Cloud computing stocks have held up very well during the coronavirus crisis, as enterprises across the globe accelerate their transition to remote operations and e-commerce. With more people than ever needing to access information remotely, Fastly (FSLY 0.71%) has seen demand for its content delivery network services rise dramatically.

Fastly's stock doubled in just four weeks during June and early July, and investors appear more excited than ever about the company's ability to capitalize on its edge cloud computing expertise. Yet after such a steep rise in its share price, Fastly needs for its fundamentals to catch up. Here are three things in particular that Fastly bulls want to see to justify the gains the stock has seen recently.

Fastly logo in red, with the A containing a clock face.

Image source: Fastly.

1. Fastly needs to use the Shopify-Walmart deal as a showcase to drive further business

In June, Shopify (SHOP 1.07%) announced that it would join forces with retail giant Walmart (WMT -1.69%) to make the latter's marketplace available to Shopify clients, adding value to Shopify subscriptions while helping Walmart grow its marketplace to compete more effectively with its rivals.

This is important for Fastly because Shopify was one of the content delivery network provider's top 10 customers even before the Walmart deal. With nearly a third of its revenue coming from those 10 largest clients, Fastly could see a big boost from its work in facilitating the increased internet traffic for Shopify and Walmart. That's especially true because of Fastly's work in e-commerce and digital payment technology. If Fastly can prove itself here, then it could appeal to other e-commerce players seeking to give their own customers a better internet experience.

2. Fastly needs to become more efficient

Fastly has grown quickly, but it's still a small company, and it's still ramping up its operations. The customized solutions that Fastly can deliver are attractive to clients, but they also cost a lot to build. As the company gets more customers, it should be able to figure out the most common solutions that its clients want and then benefit from greater scale in building those solutions out for them. That will help it reduce expenses, which in turn should make it easier for Fastly to become profitable on an operating basis.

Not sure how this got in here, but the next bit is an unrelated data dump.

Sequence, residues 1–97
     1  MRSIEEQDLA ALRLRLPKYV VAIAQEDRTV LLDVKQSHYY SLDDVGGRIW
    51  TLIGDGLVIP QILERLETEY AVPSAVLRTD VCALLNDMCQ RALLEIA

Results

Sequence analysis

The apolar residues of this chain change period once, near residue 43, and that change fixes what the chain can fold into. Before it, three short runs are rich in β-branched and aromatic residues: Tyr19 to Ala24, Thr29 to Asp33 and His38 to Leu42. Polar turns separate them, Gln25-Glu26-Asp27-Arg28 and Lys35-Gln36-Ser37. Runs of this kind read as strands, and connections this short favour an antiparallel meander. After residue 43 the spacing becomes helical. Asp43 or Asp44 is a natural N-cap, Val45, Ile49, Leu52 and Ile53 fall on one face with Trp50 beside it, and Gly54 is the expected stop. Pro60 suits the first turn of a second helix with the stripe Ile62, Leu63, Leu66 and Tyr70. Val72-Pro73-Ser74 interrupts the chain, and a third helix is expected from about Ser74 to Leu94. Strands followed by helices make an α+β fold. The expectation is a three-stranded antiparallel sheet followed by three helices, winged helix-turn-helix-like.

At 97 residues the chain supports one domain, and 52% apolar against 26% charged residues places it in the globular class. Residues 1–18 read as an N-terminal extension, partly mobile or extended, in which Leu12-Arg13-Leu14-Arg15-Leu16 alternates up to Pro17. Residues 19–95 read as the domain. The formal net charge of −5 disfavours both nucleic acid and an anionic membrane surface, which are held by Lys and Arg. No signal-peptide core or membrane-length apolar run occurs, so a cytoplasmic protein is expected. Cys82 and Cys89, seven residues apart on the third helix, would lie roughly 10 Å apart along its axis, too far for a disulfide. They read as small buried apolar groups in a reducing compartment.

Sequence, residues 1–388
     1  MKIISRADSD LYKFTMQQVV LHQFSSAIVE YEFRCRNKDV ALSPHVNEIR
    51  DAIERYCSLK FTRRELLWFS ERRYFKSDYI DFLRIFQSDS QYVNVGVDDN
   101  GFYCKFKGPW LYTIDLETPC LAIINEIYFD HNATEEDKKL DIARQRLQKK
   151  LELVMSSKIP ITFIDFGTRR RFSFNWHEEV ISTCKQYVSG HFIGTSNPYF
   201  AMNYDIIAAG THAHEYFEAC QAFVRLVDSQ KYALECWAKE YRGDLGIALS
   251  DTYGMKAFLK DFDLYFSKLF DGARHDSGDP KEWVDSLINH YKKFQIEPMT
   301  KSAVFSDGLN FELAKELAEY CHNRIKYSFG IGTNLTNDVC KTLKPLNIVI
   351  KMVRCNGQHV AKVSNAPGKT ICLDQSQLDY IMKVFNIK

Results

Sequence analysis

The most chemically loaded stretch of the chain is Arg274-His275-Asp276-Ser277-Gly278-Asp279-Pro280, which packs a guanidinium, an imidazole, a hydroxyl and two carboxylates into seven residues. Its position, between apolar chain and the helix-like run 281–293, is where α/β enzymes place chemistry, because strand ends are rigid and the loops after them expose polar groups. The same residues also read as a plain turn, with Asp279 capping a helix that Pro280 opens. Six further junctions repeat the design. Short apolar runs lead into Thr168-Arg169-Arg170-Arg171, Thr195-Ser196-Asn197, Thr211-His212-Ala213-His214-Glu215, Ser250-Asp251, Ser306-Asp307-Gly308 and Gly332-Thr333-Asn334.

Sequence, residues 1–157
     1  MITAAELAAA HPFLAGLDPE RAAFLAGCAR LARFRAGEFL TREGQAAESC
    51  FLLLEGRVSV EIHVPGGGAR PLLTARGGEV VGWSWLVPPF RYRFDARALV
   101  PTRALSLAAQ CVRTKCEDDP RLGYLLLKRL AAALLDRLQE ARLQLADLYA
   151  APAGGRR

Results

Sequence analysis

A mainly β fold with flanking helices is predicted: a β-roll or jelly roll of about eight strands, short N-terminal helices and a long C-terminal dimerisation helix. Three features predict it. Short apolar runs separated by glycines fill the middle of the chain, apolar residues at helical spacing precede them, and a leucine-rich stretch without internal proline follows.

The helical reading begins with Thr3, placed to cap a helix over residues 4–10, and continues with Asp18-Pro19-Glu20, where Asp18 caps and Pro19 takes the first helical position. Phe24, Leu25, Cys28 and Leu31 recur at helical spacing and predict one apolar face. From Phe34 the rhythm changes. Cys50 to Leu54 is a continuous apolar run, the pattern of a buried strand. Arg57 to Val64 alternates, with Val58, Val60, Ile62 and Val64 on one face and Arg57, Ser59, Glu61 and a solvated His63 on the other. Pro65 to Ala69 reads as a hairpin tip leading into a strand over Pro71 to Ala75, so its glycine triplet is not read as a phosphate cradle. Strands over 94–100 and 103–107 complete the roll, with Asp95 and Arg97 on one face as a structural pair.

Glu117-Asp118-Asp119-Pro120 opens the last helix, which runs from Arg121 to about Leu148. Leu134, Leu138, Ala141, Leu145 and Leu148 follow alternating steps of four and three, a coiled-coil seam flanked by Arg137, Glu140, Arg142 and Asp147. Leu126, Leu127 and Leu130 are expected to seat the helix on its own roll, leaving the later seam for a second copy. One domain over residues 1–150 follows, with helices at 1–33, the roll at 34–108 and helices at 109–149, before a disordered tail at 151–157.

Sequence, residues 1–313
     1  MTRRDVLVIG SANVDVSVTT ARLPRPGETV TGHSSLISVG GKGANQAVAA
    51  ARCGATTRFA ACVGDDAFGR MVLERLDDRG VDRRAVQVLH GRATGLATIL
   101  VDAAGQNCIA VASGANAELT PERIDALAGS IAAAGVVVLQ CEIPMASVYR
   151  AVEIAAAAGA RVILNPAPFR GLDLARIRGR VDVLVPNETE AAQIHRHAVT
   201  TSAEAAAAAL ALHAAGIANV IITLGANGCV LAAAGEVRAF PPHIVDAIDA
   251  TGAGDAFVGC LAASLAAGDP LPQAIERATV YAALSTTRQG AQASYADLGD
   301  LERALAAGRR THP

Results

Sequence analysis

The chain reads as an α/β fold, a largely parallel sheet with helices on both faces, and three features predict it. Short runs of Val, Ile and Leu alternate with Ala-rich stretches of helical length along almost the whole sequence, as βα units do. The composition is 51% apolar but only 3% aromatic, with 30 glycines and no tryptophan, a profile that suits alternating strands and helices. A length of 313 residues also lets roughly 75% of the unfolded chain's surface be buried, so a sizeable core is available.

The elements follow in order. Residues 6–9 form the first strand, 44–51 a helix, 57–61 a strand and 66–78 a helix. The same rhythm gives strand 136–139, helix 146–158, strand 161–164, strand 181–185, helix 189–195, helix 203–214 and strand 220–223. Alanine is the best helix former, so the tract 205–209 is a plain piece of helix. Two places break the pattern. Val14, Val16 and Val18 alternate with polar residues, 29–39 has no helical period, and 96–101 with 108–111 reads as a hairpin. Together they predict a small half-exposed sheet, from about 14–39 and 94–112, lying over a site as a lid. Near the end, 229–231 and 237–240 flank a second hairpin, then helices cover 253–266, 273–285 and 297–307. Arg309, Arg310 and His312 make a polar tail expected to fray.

Also important for Fastly's profitability will be efficiency with investments in marketing efforts as well as research and development. It's common for tiny businesses to spend a lot of upfront cash to come up with cutting-edge technology, but at some point, successful companies are able to fund further advances from the cash flow their businesses generate. Fastly has pledged to get there eventually, but the strong competition in the space will make it a challenge to find unfettered growth.

3. Compute@Edge needs to work out well for Fastly

Edge computing -- which refers to putting data storage and analytical tools closer to where companies collect and use key information -- has come into vogue recently. Decentralizing data storage is especially important in real-time applications, where even microsecond latencies can significantly degrade app performance.

Fastly has been doing a private beta test for its Compute@Edge edge computing environment, which forgoes more traditional dedicated private data servers in favor of on-demand cloud resources for which clients get charged on a usage basis. The company claims start-up times that are 100 times faster than other available solutions.

There are plenty of other companies taking advantage of demand for edge computing platforms, so Fastly has a lot riding on Compute@Edge. New CEO Josh Bixby is excited about the number of Fastly clients who are trying out Compute@Edge. That makes it more critical, though, for Fastly to deliver a strong experience.

Turning quick gains into lasting growth

The temptation to take a quick profit on a hot stock can be overwhelming, and Fastly's stock has certainly been a winner for those who took advantage of share-price weakness during the winter and early spring. Going forward, investors will want to see Fastly make good on its potential. These three things would go a long way toward proving Fastly's worthiness to be a budding leader in a fast-growing tech-stock niche.